I think I have heard of them before. But I don't think I have ever ordered from them. Seems legit to me. Though I would be kind of surprised if you could not find a supply house in Texas willing to cut you a custom length. There are a lot of electric supply houses around the country. Greybar and Platt Electric are big ones around here.
     
  7. zero610

    zero610 Member

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    I'll call around to some local places. Good suggestion.

    One more question for ya - again appreciate the help.

    I have a main panel (200 amp breaker) and sub panel (100 amp breaker). When adding the 60 amp fuse for the tesla home charger, is it best to put it on the main or the sub panel? There are free spaces on both panels; however most all of the large draw items are on the main panel already (A/C systems, Appliances, Dryer, etc).
     
  8. zero610

    zero610 Member

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    Panel Pictures
    Main.jpg Sub.jpg
     
  9. eprosenx

    eprosenx Member

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    Hrm, the stupid forum is malfunctioning for images. I only can see one right now. Can you try posting again or put it on Google Photos or something and do a link to it?

    Typically, I would always want to put high power stuff in the main panel. Just less connections and things to go wrong. And also, you don't have to capacity plan on the feeder to the sub, etc... In general, if a sub panel is required due to a number of slots issue I would put all the "big" loads on the main and do the small ones on the sub.

    Oh, and the proper way to do things is to do a "load calculation" for the entire house, and then also for the sub panel and it's feeder from the main panel for that subset of the load to ensure the feeder and panel is of sufficient ampacity. Let's see what your main panel looks like and go from there.
     
  10. zero610

    zero610 Member

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  11. Rocky_H

    Rocky_H Active Member

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    6/2 should be really common stuff, so almost any place that sells electrical equipment, even Lowe's or Home Depot should be able to sell cut-to-length pieces of it.
     
  12. eprosenx

    eprosenx Member

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    Wow, that is a nice clean install. I presume the reason for the subpanel was because a single panel was not going to be enough, and the electrician was smart enough to not fully load the first panel in case you wanted to add anything to it. Really nice!

    So the photo is not zoomed out enough to see the main breaker. I assume it is 200a?

    I would definitely put the Tesla charger into the main panel then.

    Now the question is what do the load calculations say about your house? It is possible that you will be limited by your 200a main feed. It is possible you would need to set the wall connector to a slower charge speed if you don't have enough headroom (hopefully not).

    Can you also post pictures of your "breaker schedule" (i.e. the list of what everything is?) and also the specific stickers on the panel that outline all the gory details about the panel specs?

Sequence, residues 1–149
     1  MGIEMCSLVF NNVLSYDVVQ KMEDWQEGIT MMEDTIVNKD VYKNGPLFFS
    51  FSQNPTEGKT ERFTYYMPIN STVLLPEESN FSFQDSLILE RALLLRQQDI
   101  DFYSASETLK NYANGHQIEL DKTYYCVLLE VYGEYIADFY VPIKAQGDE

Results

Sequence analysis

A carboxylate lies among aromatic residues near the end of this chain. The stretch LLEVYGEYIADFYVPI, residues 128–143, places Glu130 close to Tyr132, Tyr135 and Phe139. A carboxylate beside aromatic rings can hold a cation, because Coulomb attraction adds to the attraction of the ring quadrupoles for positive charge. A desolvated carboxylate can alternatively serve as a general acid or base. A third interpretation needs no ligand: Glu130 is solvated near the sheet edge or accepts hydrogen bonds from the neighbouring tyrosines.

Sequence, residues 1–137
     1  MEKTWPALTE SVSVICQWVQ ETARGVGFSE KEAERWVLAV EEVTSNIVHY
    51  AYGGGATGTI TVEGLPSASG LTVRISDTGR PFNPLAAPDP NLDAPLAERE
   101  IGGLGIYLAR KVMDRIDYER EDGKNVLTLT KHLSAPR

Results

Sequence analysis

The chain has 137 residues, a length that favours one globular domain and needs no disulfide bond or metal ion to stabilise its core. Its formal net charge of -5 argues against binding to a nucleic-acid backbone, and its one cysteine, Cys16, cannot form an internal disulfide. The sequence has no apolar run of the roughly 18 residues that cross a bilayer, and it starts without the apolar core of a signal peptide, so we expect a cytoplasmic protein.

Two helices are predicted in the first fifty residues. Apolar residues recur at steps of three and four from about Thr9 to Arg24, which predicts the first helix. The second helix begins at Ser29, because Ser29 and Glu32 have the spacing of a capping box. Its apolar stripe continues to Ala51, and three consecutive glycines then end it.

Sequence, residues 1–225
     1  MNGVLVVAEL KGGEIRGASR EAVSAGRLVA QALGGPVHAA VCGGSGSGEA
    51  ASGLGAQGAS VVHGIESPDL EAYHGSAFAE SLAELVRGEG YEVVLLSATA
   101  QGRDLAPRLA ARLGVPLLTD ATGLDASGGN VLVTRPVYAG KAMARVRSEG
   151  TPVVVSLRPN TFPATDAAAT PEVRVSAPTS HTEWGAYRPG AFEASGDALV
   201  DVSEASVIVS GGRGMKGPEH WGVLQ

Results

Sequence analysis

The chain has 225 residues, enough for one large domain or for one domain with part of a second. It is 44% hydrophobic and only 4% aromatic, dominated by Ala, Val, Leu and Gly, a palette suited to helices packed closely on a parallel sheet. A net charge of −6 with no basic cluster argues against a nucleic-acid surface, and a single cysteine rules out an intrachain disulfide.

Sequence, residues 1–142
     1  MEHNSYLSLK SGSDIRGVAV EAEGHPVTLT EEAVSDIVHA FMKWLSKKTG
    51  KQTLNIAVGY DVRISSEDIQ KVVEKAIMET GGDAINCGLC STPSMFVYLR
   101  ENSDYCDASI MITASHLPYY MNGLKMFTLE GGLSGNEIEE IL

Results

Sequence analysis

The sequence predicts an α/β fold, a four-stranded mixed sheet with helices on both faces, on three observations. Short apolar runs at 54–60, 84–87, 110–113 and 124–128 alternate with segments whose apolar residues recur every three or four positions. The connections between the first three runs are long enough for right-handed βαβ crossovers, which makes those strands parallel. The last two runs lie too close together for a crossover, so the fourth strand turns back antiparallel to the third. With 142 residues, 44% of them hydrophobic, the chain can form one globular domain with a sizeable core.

I have never done a full load calculation myself, but I have read quite a bit about it. I winged it on my house since I have zero 240v loads other than the AC unit (heat is gas, stove/oven is gas, dryer is gas, water heater is gas). Yours might be closer to the bone. Part of the calculation involves the square footage of the house, etc... And technically you need to go read the nameplates of all the fixed devices (stove, dishwasher, bathroom fans, etc...) - though I think you can get pretty close with estimates. There are a lot of forms online from various sources you can find.

    Also, do you have any electrical panels on the outside of your house like at the meter base? Just want to make sure there are not any additional circuits there that are not in these two panels.
     
  13. eprosenx

    eprosenx Member

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    Someone brought up this calculator in another thread:

    electrician2.com Wire Size calculator

    Note that it may not be updated with 2017 NEC and who knows if it is accurate, but it seems pretty good.

    I am learning some more about AC (formerly called BX) and MC. It seems to me that MC is superior since it has a full size (well whatever the needed size is) dedicated ground conductor.

    A little BS on BX cables. Armored or Metal Clad Cables used in exterior installations.Wenatchee and Chelan Real Estate Inspection Services. | NCW Home Inspections, LLC

    Now this tool makes me concerned that AC cable may also have 60c derate requirements in some instances since there is an option for it in the terminal temp dropdown. I need to read more... MC cable in this tool does not have that option, so hopefully it is good to use at the 75c conductor rating?

    Also, will this be run in any insulation areas? There are some rules around running in insulation since it does not allow as much heat dissipation.
     
  14. zero610

    zero610 Member

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    Correct, 200 amp main.

    Main panel schedule:

    https://photos.app.goo.gl/WSVaetcc8DgotoEj7

    Sub panel schedule:

    https://photos.app.goo.gl/GTmYKX4pizvM2e4F7

    As far as the panel specs, all I could find was what seemed to be info on the panel cover. I might need to remove the panel cover for more details (tomorrow pictures).

    There is an external fuse at each of the outside A/C units (2X) - each has a single fuse in external box. Another cutoff? Not 100% sure...Nothing at the meter base.

    Additional details:

    Surface garage install - no wet or insulation.
    4600 sq ft house
    30amp dryer unused (have gas)

    The load calculator is a bit over my head....

    Learning as I go. Thanks for the instruction!
     
  15. Stoney35

    Stoney35 Member

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    I ran 6/3 Romex to my HPWC since it was all indoors. I decided on 6/3 over 6/2 so that I could take the HPWC with me if I moved and replace it with a NEMA 14-50. Would just have to put in a 50A breaker instead of the 60A breaker.